- Locations with optical Ethernet access should use compression encoders and decoders that allow HD-SDI to be transferred with 10-bit JPEG2000 compression over IP-protocol using MXF encapsulation of compressed data. The circuit must be single-hop or managed to guarantee the necessary quality of service.
Single-hop Fibre Connections: Compression Codecs Diagram
Compressed via Satellite Link
Where fibre is not available, links via satellite may be used. The following are permissible and achievable largely by using DVBS2 modulation schemes. Modulation schemes should be carefully chosen so that the increase in transponder capacity (in MHz) required to deliver the optimal video bitrate (in Mbps) does not come at the cost of a decreased robustness of signal.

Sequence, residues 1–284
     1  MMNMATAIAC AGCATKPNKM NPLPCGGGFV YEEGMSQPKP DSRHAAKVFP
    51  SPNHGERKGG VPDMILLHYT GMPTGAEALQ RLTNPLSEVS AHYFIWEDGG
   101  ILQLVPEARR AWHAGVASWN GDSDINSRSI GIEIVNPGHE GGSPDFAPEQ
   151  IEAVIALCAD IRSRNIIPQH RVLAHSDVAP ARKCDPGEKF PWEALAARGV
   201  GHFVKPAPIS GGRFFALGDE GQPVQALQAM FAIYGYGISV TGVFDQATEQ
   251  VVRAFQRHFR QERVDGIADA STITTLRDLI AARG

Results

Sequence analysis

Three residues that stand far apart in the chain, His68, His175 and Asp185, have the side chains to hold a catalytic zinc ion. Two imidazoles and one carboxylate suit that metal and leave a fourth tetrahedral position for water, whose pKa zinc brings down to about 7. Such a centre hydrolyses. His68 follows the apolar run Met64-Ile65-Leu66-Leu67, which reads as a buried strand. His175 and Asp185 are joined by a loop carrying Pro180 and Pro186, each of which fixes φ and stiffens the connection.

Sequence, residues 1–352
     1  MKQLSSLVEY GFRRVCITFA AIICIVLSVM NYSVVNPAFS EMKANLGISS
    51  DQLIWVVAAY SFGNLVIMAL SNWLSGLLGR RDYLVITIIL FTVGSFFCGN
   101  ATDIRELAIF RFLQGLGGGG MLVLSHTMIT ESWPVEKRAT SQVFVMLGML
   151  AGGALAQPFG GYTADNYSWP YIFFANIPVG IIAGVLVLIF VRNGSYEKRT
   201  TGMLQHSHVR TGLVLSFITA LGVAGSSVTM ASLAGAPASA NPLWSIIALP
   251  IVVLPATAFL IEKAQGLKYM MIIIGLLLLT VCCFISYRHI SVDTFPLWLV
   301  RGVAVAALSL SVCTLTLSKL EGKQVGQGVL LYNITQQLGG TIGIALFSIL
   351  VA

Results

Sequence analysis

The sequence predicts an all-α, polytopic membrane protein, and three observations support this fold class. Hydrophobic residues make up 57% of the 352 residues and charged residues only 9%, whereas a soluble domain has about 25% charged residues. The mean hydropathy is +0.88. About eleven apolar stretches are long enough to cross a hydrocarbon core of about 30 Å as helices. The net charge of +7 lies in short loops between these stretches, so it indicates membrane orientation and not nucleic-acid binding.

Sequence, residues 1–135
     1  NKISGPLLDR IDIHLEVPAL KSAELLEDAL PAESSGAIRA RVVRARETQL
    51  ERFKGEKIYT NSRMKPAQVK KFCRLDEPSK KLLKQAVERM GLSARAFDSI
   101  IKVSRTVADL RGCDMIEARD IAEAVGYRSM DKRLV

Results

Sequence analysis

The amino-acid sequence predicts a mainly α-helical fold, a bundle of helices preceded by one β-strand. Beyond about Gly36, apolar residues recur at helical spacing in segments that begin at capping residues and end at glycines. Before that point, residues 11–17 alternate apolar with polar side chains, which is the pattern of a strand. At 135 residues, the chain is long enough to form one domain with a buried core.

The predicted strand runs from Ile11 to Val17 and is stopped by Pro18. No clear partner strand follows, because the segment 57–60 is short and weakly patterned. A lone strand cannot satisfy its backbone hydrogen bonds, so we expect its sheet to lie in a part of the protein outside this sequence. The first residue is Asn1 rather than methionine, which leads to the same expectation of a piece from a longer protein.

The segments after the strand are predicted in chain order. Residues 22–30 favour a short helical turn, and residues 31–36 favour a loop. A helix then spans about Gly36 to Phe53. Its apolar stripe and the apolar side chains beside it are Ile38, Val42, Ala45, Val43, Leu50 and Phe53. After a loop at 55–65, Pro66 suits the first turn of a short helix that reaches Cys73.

Single-hop Satellite Links: Nominal Video Bitrate Diagram
Compressed via Microwave Point-to-Point Link
In some locations a point-to-point microwave link may be used as an alternative to satellite links. Microwave links can be used for short hops from the location to a fixed fibre link point or where a satellite up-link has to be remote from the production location. Where microwave links are used to feed a second compressed link, the signal should not be decoded back to baseband but passed to the second link as a transport stream.
Compressed via Microwave Point-to-Point Link: nominal Bitrate Diagram
SD Links (if required)
Where Compressed Standard Definition contribution is used, it should be compressed using MPEG-4 or MPEG-2 Long GOP. The GOP structure and encoder setup are the same as the HD requirements in Codec Requirements, SD and HD programmes. The payload on the link should have a nominal video bitrate of: